Why is the price of killing a worker only Tk 2 lakh?
Fifty two workers have so far been declared dead as a result of the horrific fire that engulfed the Hashem Foods factory in Narayanganj, where famous products such as Shezan juice and Nocilla spread were produced. 49 of them were burnt to death inside the factory, while three others died after leaping from the factory building in an attempt to save themselves from the fire.
Preliminary reports indicate that all 49 charred bodies were recovered from the third floor, the exit of which was locked up—thereby preventing workers from being able to save themselves, as 25 other workers had been from other floors.
Hashem Foods Limited is a sister concern of Sajeeb Group of Companies, one of the largest business groups in the country. When such heinous yet preventable killings of workers occur in one of their factories, a key question that should come to anyone's mind is: what would be the liability of Sajeeb Group? According to the Bangladesh Labour Act 2006 (BLA), an employer is only required to pay Tk 2 lakh for every worker killed in an "industrial accident" inside their establishment. That is how little value is attached to a worker's life by the very law that was meant to "ensure labour rights".
Therefore, the total amount Sajeeb Group would have to pay under our labour law as compensation (to the family members of the workers killed by their lethal greed) is a measly 1.04 crore taka—probably a fraction of their daily revenue. For perspective, this amount is only 1.2 percent of Sajeeb Group's Tk 85.8 crore unclassified loan taken from Mutual Trust Bank in 2015, according to the bank's Annual Report 2015.
The BLA initially fixed the amount of compensation for a worker's death at Tk 1 lakh, but this was later increased to the current Tk 2 lakh in 2018. So rather than introducing a minimum amount of compensation that has to be paid to workers or their dependents in case of an occupational injury or death, our labour law set a ridiculously inadequate sum as the maximum amount. Does this legal limit favour the workers the BLA set out to protect or the industrial employers it sets out to hold accountable?
However, my research on 80 compensation cases under labour law litigated by Bangladesh Legal Aid and Services Trust between 2008 and 2019, has found that victims of "industrial accidents" seldom receive even this paltry amount of compensation prescribed by the labour law. Rather they are met with a world of challenges. This is largely because most corporations being sued for compensation under the labour law, instruct their team of lawyers to prolong the litigation period as much as possible. As a result, these lawyers employ an abundance of dilatory tactics by abusing technicalities in procedural law to their utmost advantage. Family members of workers killed in industrial establishments who dare to exercise their right to seek compensation against an industrial employer in labour courts become tired out to the point where they feel compelled to abandon the case.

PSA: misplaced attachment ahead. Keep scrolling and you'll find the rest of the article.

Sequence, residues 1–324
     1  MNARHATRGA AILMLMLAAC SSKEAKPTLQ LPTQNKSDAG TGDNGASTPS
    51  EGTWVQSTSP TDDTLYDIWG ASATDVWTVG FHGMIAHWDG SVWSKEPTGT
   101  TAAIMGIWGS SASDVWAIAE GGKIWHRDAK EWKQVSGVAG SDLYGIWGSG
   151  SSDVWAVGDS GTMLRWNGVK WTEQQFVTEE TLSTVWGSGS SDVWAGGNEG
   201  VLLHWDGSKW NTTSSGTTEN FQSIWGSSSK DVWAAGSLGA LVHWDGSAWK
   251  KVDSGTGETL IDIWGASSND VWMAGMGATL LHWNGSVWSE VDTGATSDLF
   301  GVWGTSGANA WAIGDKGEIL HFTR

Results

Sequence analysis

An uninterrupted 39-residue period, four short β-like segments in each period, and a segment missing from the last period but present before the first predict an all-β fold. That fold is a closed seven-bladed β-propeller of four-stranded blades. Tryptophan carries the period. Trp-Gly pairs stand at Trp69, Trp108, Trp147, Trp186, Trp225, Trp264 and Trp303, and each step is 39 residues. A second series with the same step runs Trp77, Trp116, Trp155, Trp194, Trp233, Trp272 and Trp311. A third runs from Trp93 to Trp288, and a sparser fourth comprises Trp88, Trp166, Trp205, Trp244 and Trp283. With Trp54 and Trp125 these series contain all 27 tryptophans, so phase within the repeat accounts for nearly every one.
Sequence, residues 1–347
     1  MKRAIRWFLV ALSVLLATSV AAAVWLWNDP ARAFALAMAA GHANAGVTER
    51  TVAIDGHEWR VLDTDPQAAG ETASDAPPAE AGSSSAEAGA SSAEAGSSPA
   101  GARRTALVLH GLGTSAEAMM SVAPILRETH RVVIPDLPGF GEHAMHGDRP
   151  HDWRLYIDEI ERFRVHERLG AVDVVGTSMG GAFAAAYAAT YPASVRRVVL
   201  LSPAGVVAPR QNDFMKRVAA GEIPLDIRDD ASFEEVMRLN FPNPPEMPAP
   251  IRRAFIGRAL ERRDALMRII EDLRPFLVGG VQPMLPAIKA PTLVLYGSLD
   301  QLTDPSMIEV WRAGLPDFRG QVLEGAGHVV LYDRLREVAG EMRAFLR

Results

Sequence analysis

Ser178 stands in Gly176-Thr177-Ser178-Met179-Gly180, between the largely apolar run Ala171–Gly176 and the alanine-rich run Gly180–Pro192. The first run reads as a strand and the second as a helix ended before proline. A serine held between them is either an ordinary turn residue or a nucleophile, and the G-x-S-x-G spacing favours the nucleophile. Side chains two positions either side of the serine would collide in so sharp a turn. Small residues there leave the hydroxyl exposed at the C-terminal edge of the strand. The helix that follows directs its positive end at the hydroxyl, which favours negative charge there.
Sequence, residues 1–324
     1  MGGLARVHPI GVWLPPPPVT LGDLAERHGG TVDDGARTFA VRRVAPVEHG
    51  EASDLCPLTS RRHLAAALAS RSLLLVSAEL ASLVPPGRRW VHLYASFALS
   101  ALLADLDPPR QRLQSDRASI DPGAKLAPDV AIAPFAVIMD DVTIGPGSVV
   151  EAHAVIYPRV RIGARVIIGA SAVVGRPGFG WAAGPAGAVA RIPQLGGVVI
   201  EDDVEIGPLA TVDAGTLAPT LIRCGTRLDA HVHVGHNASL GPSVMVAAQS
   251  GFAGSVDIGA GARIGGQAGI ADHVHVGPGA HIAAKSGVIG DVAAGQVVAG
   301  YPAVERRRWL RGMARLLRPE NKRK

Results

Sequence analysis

For instance, many employers ignore legal notices and refuse to appear in court during the trial and the case is then scheduled to be decreed ex parte. The employers then strategically appear on the day that the ex parte judgment is scheduled to be pronounced by the court and plead for an opportunity to be heard, citing lack of notice as their reason for non-appearance. Judges then often restart the hearing, from the initial arguments stage, thereby doubling the trial period and frustrating claimants who have to go through a time-consuming and cumbersome process all over again—just as they thought this costly process had finally come to an end. One Labour Court lawyer I had interviewed as part of my research summarised the situation quite poignantly: "I will not blame victims for abandoning the compensation case. They are tired. They are depressed. They are frustrated. They are compelled to think to themselves: 'I will not get anything out of this claim, so better to just leave it'."
Due to this calculated game to "tire them out", and despite the insistence of their lawyers, victims either abandon the case or or if they are "lucky enough", they are offered an out-of-court settlement by the employer for an even smaller amount of money. The same lawyer also explained this phenomenon quite clearly:
"The victims strongly feel that it is better to receive something than nothing at all. Their employers make it clear to them that they can accept a lower amount of money offered as out-of-court compensation, which will also be paid immediately. However, if they refuse and dare to continue pursuing the higher (legal) amount of compensation through litigation, then their employers will do everything in their power to keep the case hanging for years and years to come, to tire them out. So, tell me, which option will they then choose?"
This is the unjust reality of the justice system under our labour law. A seemingly endless litigation period caused by abuse of process by employers who refuse to be held accountable means that "seeking justice" becomes too costly an endeavour that victims can no longer afford. Therefore, even the minimal labour rights that exist in theory continue to be trumped by unfettered labour wrongs in reality. Why must this be allowed to continue?
Taqbir Huda is a Research Specialist at Bangladesh Legal Aid and Services Trust (BLAST) and coordinates Justice for All Now (JANO, Bangladesh). Email: firstname.lastname@example.org